NCAA Men's Final Four - Practice

This week is a very important week for Ed O’Bannon’s case against the NCAA

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Ever since Ed O’Bannon first filed a lawsuit against the NCAA over the use of his likeness in a video game back in 2009, there has been scuttlebutt that the outcome of said lawsuit could end up playing a major role in the way that college athletics operates at the highest level in the near future.

(For those that haven’t been paying attention, you can get some terrific background insight into the lawsuit from Brad Wolverton’s story in The Chronicle here. You might also want to give J. Brady McCollough’s feature on Sonny Vaccaro, the former shoe peddler turned amateur athlete advocate, who, along with O’Bannon, is the inspiration behind the case.)

This week may be the most important week for the case, as U.S. District Judge Claudia Wilken will hear arguments regarding whether or not the case can be certified as a class action lawsuit on Thursday in Oakland. If the case were to be certified to include current athletes, it would mean that “the NCAA would be liable for claims brought not just by the plaintiffs but also by all former athletes,” Bloomberg’s Jonathan Mahler wrote back in May. “Anyone who has ever played a Division I college sport would instantly be suing for damages for every instance in which his or her image was used in a video game, highlight reel, broadcast or rebroadcast.”

That could spell out disaster for the NCAA, who has a 14-year contract worth more than $10 billion with CBS and Turner to broadcast the NCAA tournament and whose member conferences annually cut $20 million checks to each member school for their TV contracts.

With that much money being tossed around, it’s a logical leap that the O’Bannon case could end up changing the NCAA’s entire business model, right?

Well, maybe we need to pump the brakes here just a bit. From a blog that Wolverton published accompanying the story linked above:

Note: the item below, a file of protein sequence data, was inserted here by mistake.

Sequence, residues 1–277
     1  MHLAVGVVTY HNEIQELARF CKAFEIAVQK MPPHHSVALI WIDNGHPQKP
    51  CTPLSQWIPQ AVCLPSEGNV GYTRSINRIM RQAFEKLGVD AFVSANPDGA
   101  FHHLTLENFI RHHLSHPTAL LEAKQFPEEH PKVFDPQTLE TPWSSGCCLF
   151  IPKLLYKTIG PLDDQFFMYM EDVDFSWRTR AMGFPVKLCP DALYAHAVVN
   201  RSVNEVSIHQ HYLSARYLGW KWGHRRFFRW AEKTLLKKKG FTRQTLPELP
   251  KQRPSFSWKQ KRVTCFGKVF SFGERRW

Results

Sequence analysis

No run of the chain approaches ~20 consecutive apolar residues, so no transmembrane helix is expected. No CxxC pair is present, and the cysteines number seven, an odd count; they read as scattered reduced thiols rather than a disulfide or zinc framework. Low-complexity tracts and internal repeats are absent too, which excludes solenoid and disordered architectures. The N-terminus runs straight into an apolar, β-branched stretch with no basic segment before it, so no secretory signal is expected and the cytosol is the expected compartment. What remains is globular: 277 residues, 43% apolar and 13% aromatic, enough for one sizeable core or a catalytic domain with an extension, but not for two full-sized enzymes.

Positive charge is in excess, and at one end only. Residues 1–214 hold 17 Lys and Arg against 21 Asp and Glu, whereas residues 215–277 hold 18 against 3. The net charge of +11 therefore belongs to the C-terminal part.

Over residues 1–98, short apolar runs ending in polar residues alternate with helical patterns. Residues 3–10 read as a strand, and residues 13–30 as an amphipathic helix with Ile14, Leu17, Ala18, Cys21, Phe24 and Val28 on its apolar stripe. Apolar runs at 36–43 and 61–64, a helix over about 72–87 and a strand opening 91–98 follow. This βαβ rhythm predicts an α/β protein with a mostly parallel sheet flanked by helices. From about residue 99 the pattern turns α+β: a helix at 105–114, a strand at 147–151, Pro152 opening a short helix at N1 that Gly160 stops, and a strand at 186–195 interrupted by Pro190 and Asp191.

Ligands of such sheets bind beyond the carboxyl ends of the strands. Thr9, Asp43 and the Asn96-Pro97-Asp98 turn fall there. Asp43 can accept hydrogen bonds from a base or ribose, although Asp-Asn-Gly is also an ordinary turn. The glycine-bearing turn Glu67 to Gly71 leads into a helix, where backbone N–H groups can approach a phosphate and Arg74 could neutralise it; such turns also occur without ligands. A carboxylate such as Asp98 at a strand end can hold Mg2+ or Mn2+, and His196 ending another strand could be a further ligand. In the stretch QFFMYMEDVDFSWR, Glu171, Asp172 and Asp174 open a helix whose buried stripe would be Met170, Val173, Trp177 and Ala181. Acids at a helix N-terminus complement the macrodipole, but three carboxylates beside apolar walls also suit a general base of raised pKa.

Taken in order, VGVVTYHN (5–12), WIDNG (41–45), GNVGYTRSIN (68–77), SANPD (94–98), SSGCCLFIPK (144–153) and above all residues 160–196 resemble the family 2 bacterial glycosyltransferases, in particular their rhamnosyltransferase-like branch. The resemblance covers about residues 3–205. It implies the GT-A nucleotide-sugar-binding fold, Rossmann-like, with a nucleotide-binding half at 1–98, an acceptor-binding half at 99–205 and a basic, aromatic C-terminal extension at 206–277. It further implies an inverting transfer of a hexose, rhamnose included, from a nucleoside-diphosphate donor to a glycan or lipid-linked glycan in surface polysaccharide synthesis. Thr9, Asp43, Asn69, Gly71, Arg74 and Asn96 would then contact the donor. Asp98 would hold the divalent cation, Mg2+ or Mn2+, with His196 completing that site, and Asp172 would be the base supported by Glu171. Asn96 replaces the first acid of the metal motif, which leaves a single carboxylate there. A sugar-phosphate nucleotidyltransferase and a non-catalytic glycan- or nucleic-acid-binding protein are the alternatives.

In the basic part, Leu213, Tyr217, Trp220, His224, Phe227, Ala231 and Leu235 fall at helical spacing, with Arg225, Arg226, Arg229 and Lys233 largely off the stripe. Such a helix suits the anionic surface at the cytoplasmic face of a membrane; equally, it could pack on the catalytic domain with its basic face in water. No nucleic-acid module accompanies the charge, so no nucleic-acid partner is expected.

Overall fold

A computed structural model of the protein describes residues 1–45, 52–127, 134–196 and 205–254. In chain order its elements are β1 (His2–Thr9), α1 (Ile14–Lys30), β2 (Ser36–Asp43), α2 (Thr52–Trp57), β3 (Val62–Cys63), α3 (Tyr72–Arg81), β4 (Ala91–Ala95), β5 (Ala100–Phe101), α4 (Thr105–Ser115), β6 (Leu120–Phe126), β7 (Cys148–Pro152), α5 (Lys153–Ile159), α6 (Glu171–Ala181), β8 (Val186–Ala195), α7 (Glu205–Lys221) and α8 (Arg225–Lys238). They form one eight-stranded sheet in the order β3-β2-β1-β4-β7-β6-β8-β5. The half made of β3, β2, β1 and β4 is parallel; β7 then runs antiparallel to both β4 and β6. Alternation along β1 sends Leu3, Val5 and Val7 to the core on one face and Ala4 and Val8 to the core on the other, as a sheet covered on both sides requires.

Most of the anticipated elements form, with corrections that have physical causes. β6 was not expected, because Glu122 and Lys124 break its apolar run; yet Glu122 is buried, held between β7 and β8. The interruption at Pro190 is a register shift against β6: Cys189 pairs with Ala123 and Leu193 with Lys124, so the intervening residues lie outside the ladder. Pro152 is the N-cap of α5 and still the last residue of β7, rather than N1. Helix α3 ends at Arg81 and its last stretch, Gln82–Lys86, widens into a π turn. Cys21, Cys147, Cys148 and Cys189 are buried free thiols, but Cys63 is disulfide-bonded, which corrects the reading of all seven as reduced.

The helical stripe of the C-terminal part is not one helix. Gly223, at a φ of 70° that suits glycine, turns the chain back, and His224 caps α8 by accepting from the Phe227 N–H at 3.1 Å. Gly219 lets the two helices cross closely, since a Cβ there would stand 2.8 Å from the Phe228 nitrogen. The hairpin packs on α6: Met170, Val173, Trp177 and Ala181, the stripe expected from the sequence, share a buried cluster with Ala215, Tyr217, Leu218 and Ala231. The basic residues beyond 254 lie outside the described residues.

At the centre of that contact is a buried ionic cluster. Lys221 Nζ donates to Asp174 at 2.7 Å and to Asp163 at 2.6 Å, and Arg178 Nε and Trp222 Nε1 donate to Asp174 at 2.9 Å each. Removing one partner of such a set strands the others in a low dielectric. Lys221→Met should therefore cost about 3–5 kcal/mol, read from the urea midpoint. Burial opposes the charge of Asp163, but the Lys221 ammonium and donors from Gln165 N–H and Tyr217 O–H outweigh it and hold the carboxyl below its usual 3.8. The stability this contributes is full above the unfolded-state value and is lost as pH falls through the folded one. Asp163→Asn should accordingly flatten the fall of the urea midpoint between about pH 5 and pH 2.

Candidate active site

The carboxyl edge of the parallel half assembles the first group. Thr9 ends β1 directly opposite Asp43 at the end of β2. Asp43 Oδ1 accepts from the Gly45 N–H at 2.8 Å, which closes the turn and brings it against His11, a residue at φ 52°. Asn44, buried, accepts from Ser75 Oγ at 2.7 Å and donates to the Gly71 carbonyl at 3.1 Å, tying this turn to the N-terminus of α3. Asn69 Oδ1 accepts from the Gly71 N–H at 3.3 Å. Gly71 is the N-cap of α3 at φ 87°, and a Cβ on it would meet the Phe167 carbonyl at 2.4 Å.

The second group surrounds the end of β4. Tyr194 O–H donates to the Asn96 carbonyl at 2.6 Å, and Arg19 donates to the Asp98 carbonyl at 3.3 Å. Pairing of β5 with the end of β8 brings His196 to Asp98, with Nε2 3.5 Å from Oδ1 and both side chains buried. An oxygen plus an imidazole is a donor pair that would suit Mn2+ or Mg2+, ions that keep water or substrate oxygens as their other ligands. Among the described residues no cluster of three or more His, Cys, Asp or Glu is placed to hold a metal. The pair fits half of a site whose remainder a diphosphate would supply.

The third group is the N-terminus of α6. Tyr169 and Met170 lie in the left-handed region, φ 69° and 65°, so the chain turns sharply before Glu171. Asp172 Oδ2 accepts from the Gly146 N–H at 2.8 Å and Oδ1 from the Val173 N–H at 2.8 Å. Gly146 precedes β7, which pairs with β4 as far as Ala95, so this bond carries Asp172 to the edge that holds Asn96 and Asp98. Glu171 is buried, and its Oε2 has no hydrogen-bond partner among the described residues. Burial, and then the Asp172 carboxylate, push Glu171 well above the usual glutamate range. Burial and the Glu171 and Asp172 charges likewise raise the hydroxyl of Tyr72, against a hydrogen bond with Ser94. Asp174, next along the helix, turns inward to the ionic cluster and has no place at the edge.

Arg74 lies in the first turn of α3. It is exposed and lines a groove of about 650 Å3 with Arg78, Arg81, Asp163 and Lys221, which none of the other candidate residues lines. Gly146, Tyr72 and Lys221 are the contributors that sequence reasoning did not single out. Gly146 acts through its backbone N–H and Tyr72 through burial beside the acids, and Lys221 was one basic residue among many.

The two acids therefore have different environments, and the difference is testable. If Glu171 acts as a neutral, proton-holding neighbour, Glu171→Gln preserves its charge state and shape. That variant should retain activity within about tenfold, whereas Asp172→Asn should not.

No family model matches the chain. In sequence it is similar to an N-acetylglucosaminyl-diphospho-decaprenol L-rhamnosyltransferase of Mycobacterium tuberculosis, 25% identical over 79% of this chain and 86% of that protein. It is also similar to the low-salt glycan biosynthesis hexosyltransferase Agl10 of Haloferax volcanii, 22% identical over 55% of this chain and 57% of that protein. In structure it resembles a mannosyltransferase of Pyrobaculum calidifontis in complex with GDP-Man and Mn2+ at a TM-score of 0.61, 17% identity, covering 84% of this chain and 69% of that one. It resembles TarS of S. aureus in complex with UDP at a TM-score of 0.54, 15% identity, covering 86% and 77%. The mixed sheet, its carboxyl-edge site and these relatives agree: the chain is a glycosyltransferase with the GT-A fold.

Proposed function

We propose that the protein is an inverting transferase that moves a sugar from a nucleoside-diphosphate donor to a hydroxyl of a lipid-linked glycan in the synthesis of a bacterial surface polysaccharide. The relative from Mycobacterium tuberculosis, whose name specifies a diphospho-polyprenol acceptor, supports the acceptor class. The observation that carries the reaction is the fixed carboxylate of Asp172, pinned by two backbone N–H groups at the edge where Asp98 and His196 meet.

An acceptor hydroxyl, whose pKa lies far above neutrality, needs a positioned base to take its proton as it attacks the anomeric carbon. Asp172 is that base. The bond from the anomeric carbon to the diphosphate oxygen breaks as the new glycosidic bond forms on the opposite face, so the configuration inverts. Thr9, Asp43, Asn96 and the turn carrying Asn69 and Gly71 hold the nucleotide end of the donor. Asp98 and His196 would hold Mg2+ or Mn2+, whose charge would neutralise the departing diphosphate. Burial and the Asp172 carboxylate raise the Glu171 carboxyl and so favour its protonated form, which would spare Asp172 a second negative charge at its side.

Gary R. Roberts, dean of Indiana University’s Robert H. McKinney School of Law, went further, describing some of the predictions as a “preposterous stretch of the intellectual-property laws.”

“I don’t see why, if the NCAA is infringing on former players’ publicity rights in the production of video games, that would lead to a remedy of current players receiving TV rights,” he said. “There are people who want that to happen so much that they’ve convinced themselves it’s right. But I don’t think there’s any court that will jump that legal chasm.”

Other legal scholars, whose voices didn’t make it in my article, agreed.

“Maybe in five years O’Bannon will cause the entire NCAA infrastructure to come unglued, but I doubt it,” said Gene Marsh, a retired professor of law at the University of Alabama at Tuscaloosa who represents colleges in NCAA disputes. “The thing about sports litigation—and particularly anything related to the NCAA—is that you get this wave of wishful thinking and emotion, and then someone comes along and actually applies the law, and that takes the air out of the balloon.”

In simpler terms, we’ve all gotten so excited about the fact that someone is actually stepping up to the plate and challenging the NCAA that we’ve forgotten all the legalistic red-tape the case needs to wind its way through.

And just because there’s a movement of people that are emotional and passionate about changing the basis of the NCAA doesn’t mean a federal judge who has been trained to filter out emotion and passion and focus on the letter of the law is going to agree.

You can find Rob on twitter @RobDauster.

Wesley Iwundu, Kansas State knock off No. 1 Oklahoma

Kansa State forward Wesley Iwundu (25) pulls down a rebound against Mississippi during an NCAA college basketball game in Manhattan, Kansas, Saturday, Jan. 30, 2016. (Bo Rader /The Wichita Eagle via AP) LOCAL TELEVISION OUT; MAGS OUT; LOCAL RADIO OUT; LOCAL INTERNET OUT; MANDATORY CREDIT
Bo Rader /The Wichita Eagle via AP
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One of the big questions regarding No. 1 Oklahoma was how they’d handle an off shooting night. On multiple occasions this season the Sooners have managed to win in spite of a subpar effort from one of their guards, thanks in large part to national Player of the Year frontrunner Buddy Hield. But what would they do against a team that managed to limit Hield (by his standards)?

That’s what happened at Kansas State Saturday night, and the Sooners did not have the right answers for the Wildcats on either end of the floor. Wesley Iwundu scored 22 points, dished out seven assists and played excellent defense on Hield throughout the game to lead the way. And freshman forward Dean Wade chipped in with 17 points and seven rebounds off the bench as the Wildcats won by the final score of 80-69.

Hield scored 23 points but did so on 7-for-16 shooting, and a lot of that damage was done during the second half as he scored 17 points during the game’s final 20 minutes. But it wasn’t enough as the Sooners didn’t get much from anyone other than Ryan Spangler (nine points) as they looked to mount a comeback. Jordan Woodard, who’s been a consistent supplementary scoring option this season, went scoreless Saturday and that essentially left Oklahoma with three scorers (Hield, Ryan Spangler and Isaiah Cousins).